Science journalist Helen Thomson's first book, Unthinkable: An Extraordinary Journey Through the World's Strangest Brains, draws inspiration from the late Oliver Sacks in its empathetic portraits of people whose brains shed light on neuroscientific thought. Thomson seeks to revive the classical case study in all of its humanistic detail, forgoing bloodless objectivity for quirky explorations of the subjects' personalities. Thomson introduces the reader to Bob, whose memories never seem to fade; Rubén, who sees colorful auras when he looks at people; and Matar, who perceives himself turning into a tiger. Thomson uses these outlying cases to reflect on the typical functioning of the brain, explaining aspects of the brain that are relatively well understood, as well as delving into more obscure territory.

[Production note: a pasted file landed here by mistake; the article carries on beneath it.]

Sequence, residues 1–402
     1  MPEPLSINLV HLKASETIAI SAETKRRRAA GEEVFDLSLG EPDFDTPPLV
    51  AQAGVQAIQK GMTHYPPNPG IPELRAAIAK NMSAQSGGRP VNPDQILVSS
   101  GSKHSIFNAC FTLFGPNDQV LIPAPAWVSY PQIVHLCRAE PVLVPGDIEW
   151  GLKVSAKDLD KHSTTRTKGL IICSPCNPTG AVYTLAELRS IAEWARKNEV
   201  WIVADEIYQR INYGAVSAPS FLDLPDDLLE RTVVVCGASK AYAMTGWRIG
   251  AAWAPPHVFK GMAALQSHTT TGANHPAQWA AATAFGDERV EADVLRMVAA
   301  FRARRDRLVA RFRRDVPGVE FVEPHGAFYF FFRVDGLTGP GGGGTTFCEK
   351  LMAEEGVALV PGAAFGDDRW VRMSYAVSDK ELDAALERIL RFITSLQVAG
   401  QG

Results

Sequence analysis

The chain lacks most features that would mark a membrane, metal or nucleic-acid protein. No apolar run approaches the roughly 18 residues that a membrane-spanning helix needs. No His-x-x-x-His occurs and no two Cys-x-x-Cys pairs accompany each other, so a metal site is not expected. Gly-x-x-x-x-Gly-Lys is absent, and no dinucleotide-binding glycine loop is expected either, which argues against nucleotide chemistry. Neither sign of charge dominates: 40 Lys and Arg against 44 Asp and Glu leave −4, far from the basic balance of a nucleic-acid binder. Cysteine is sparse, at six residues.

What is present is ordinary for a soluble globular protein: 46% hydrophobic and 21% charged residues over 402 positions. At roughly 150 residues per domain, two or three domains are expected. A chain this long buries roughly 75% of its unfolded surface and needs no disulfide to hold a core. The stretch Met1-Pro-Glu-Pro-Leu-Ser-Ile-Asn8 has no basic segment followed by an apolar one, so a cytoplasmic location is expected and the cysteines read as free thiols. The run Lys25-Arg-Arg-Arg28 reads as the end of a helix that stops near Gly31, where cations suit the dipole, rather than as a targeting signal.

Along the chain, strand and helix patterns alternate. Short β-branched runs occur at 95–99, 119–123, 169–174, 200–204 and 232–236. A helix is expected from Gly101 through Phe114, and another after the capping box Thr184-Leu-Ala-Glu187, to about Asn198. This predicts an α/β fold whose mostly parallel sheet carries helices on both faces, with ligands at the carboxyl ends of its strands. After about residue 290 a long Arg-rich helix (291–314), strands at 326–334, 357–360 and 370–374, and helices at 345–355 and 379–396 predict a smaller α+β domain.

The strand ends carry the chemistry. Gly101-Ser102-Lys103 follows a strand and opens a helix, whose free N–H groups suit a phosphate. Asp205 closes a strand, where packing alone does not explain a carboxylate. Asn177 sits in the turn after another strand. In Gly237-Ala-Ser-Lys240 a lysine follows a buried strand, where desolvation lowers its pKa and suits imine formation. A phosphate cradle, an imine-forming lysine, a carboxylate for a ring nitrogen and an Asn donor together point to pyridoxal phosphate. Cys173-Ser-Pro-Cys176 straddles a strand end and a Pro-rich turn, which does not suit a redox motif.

In surveying the unusual, Thomson reminds the reader that there are many perspectives on reality--perspectives that can shift with surprising ease, as can personalities. When writing about Luke, who developed pedophilic urges due to a tumor, Thomson concludes: "We tend to think of our personality as something that is steadfast and strong, but in truth it can rapidly desert us." Along with this discomfiting thought comes appreciation for the staggering variety of human experience. Sylvia's persistent auditory hallucinations, for example, come in the form of musical passages that she mostly tries to ignore. The case studies described in Unthinkable vary in degree from benign to frightening, but each serves as a useful entry point into a fascinating field of study. --Hank Stephenson, bookseller, Flyleaf Books, Chapel Hill, N.C.